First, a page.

Six EEG electrodes // Two electrooculogram leads // Seven electromyogram leads // Two ECG leads // One microphone // One pneumotachograph // Two piezoelectric bands // One oxygen saturation meter // All of which tell only part of the story.
When Robert Thomas, a sleep researcher, approached Ary Goldberger, a cardiologist, Thomas was looking for a way to analyze sleep patterns that didn’t require patients to spend an entire night in a hospital or clinic for a traditional sleep study. Thomas thought that while most sleep research focused on the brain, signals from other parts of the body might also yield crucial information. “Sleep is a brain function, but it’s also a full-body state,” says Thomas, who wanted to see what could be learned by looking at information from the heart.
As it happened, Goldberger’s lab at Beth Israel Deaconess Medical Center in Boston, which specializes in extracting hidden data from complex signals, had already developed a computer algorithm for analyzing sleep patterns using an electrocardiogram, or ECG. (Goldberger had wanted to help fellow cardiologists employ a familiar instrument to diagnose sleep apnea, a disorder that has been found to significantly increase heart disease and mortality. He also thought patients would prefer wearing a heart monitor at home to participating in an overnight sleep study in the clinic, and using ECGs meant doctors could follow patients over several nights to monitor the effects of treatments.) But when the researchers compared ECG-analyzed sleep studies with results from the conventional approach, the two didn’t seem to match up, so they abandoned the effort.
That mismatch didn’t bother Thomas (also at Beth Israel), who was hunting for something different: a heart-generated signal that might correspond to the cyclic alternating pattern, or CAP, a somewhat controversial brain-based indicator of restless sleep. CAP episodes may signal microarousals: frequent, fleeting awakenings that seem to underlie many sleep problems. But CAP patterns are extremely difficult to measure, and a technician who hasn’t been specially trained won’t detect them on an electroencephalogram (EEG), the traditional sleep study’s primary tool.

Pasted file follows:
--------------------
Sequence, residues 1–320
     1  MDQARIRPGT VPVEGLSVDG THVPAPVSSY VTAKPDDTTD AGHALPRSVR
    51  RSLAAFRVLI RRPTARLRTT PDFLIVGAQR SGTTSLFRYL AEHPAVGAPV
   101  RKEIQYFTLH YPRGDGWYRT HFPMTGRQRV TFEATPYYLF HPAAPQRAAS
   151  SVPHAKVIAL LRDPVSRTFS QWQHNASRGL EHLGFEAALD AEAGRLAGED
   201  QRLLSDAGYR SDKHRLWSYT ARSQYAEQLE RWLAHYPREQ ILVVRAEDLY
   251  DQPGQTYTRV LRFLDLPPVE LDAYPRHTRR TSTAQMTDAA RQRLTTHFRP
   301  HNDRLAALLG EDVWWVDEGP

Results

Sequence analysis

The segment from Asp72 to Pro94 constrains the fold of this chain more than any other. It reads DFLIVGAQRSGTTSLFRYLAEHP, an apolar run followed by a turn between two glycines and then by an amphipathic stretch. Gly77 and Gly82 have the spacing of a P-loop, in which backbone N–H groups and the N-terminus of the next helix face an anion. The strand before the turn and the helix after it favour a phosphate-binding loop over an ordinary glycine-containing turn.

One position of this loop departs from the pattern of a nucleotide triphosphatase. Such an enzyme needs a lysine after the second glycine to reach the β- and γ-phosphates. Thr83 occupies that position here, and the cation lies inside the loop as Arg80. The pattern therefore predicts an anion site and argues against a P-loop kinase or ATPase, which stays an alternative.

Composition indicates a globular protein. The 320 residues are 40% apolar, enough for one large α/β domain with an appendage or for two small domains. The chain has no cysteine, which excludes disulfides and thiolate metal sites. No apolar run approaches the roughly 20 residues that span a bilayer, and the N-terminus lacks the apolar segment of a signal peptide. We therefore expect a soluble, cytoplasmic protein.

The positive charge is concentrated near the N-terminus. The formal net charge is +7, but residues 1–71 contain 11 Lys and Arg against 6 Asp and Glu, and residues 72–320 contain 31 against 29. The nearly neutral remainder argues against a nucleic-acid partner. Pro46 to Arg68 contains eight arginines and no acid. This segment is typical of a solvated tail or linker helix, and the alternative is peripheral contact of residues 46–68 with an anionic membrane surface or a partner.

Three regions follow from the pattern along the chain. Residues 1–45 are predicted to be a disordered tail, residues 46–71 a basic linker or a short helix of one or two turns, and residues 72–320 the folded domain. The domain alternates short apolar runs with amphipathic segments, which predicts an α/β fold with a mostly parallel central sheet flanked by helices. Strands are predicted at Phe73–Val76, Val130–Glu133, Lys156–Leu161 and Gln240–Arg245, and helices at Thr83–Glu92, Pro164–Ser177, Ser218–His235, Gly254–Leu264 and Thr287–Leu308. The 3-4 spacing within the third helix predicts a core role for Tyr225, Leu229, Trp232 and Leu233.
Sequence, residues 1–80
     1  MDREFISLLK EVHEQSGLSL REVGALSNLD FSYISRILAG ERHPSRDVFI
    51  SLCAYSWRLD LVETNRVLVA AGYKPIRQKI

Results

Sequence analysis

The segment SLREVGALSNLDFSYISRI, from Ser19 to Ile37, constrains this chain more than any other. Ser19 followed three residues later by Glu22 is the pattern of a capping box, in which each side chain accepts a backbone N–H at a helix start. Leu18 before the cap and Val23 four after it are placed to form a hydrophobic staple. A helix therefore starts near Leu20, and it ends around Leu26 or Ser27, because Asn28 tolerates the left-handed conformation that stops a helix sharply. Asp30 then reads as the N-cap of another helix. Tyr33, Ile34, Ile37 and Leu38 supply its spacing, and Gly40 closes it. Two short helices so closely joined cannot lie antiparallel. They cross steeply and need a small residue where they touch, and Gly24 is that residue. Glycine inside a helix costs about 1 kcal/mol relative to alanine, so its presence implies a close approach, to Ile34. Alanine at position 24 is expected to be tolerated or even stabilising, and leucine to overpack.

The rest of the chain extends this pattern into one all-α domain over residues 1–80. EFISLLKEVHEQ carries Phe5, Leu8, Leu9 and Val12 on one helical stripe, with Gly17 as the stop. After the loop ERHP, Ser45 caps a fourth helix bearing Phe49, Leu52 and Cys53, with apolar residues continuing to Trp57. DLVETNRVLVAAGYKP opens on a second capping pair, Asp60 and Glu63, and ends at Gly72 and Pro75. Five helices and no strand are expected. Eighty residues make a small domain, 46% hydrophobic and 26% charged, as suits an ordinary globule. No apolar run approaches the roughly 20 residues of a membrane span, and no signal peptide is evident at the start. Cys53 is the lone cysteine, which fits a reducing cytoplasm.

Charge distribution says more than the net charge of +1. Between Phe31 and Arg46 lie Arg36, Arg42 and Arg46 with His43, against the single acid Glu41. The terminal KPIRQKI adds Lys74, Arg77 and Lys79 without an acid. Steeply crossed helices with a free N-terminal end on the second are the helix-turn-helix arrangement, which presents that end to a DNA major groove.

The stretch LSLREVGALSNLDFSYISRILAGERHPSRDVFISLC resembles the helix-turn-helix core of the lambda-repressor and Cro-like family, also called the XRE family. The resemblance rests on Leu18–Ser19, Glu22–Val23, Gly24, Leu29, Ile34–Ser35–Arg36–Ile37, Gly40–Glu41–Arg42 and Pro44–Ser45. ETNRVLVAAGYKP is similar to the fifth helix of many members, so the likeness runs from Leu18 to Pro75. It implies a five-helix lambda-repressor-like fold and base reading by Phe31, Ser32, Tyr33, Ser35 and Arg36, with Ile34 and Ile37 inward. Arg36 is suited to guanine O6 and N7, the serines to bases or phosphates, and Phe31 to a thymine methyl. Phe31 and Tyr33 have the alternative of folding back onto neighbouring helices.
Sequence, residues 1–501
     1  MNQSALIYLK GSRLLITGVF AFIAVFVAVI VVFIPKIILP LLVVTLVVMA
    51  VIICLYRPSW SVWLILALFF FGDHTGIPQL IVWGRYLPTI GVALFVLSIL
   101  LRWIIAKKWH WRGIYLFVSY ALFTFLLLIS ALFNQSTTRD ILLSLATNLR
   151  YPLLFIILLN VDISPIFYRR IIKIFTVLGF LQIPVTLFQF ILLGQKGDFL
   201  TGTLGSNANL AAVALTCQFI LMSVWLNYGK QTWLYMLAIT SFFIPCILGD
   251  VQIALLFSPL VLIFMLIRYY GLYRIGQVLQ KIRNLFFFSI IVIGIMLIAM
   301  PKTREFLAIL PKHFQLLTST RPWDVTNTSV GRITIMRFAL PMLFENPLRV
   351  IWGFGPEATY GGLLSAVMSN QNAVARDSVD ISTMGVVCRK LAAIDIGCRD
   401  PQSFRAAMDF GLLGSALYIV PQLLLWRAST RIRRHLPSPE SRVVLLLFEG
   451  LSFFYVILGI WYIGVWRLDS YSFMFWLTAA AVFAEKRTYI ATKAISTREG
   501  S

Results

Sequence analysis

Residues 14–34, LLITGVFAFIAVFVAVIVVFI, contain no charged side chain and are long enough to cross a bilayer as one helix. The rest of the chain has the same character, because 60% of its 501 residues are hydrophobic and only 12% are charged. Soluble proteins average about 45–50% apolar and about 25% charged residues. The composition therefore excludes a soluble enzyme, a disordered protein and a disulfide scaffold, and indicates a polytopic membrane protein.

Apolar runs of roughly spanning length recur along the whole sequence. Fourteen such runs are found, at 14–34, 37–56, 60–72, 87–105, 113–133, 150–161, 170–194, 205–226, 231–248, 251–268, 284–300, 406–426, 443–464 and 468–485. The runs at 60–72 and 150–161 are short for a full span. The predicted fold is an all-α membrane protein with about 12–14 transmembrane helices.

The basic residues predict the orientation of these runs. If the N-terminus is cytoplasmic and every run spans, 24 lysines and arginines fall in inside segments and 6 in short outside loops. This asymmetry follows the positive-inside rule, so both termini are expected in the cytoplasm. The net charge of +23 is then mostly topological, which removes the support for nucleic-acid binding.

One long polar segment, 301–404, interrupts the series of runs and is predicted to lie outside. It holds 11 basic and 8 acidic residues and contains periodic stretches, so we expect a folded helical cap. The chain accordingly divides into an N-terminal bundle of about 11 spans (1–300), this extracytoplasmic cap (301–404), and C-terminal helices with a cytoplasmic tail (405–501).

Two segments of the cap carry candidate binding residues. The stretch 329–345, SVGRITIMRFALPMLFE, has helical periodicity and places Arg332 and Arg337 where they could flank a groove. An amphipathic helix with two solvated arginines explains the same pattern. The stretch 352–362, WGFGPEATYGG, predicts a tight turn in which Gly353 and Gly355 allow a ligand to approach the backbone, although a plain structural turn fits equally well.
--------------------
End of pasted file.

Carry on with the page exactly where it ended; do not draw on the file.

When Goldberger and his team dusted off their algorithm and compared ECG analyses of sleep studies with those of CAP from EEGs, it was almost a perfect fit. “The CAP patterns just fell out of the data,” Goldberger recalls about seeing ECG patterns that showed up just when CAP episodes occurred. “It was miraculous.”
That may seem like a small advance, and its validity remains to be confirmed. Yet as one of several recent efforts to improve on long-standing ways of gauging sleep disorders, the effort could be significant. Chronic sleep problems rank among the top complaints patients bring to doctors, affecting as many as 70 million Americans, according to the Institute of Medicine. Breathing disorders, including sleep apnea, are among the most serious, yet as many as nine of 10 sleep breathing concerns remain undiagnosed and untreated.
Though one problem may be that some of these patients aren’t seen by doctors, another problem may be how sleep is measured. In 1968 the American Academy of Sleep Medicine (AASM) pooled observations about EEG patterns in the normal sleep of young adults and settled on a system of several distinct sleep stages. During the nearly four decades since then, that early consensus about what happens during sleep has proven to be extraordinarily useful, and it remains the gold standard for understanding sleep problems. Yet it seems increasingly likely that it tells only part of the story of what happens when the head hits the pillow.